In addition, research showed enhanced broiler weight in response to 0.4% butyrate and a higher growth performance in broilers in response to supplementation with 0.9% organic acid. It is reported that a diet supplemented with a combination of sodium butyrate, citric acid, phosphoric acid, acetic acid, propionic acid, formic acid, and lactic acid improved growth performance in broilers.
Treating feed with 1% formic acid for 5 days reduces Salmonella, according to research. It is also found that citric acid solution reduced the growth of Listeria monocytogenes on poultry legs stored at 4°C for 8 days and that the addition of 0.9% organic acid to broilers’ diet reversed Salmonella colonisation.
It has been demonstrated that organic acid-supplemented meals protected gut cells against disruption by decreasing toxin synthesis in the gut, which in turn led to reduced mucosal permeability of the gut. Organic acids in different doses and combinations have resulted in improved villus height, width, crypt depth in the ileum, duodenum, and jejunum in broilers.
It is reported that short chain fatty acids consisting of different blends of organic acid amended the gut health in broilers infected with necrotic enteritis. Also, that the antimicrobial action exerted by the long-chain fatty acids produced from cranberry pomace fermentation promoted a better immunological response to the infectious bursal disease virus and the Newcastle disease virus. It also levelled up the meat’s nutritional quality.
Administration of organic acids in broiler diet is a common problem which needs to be solved in order to improve their nutritional availability. Application of organic acid salts with sodium, potassium, or calcium provides a solid form with a better smell. In addition, microencapsulation, which includes the application of an undegradable film that envelopes the organic acid particles and allows a more effective release of these substances, is another solution.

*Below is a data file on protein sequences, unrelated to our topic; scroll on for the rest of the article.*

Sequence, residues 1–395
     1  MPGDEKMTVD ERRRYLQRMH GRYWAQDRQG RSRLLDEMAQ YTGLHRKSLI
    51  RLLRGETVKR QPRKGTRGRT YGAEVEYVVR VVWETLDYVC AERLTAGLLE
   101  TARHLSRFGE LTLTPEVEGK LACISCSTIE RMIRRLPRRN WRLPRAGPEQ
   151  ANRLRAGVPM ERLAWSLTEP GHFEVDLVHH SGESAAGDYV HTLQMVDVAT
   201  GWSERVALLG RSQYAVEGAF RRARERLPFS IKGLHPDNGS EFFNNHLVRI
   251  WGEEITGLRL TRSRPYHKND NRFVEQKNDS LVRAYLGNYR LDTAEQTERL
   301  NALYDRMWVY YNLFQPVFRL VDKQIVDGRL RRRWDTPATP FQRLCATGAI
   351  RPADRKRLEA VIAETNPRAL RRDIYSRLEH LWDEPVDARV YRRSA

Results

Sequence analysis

Furthermore, a combination of organic acids can be used to improve broilers’ performance and gut health. Mainly, short-chain fatty acids reduce the number of Enterococcus spp. which infect one-day-old birds and they are more efficient in reducing the number of Faecalibacteria in broilers compared with medium-chain fatty acids. Researchers determined that wheat bran with a 280 µm particle size had a fast fermentation which produced butyric acid. Butyric acid was involved in easing Salmonella propagation in the gut by applying an antimicrobial effect, which in turn improved broilers’ performance.
Organic acids are a good alternative resource for antibiotics with growth-promoting effects, antimicrobial effects, and the potential to improve gut health and integrity. Organic acids provide a sustainable resource that can be used to maximise broilers’ performance and productivity.
The remarkable potential of organic acids needs to be further developed with the application of molecular, biotechnological, and nanotechnological science and technologies. In addition, further research is required to optimise organic acids dose, duration, concentration, and the exact mechanism of action to validate their beneficial uses in the broiler industry.
The information in this article has been extracted from the article ‘Prospects of organic acids as safe alternative to antibiotics in broiler chickens’ diet’ published in the journal Environmental Science and Pollution Research (2022).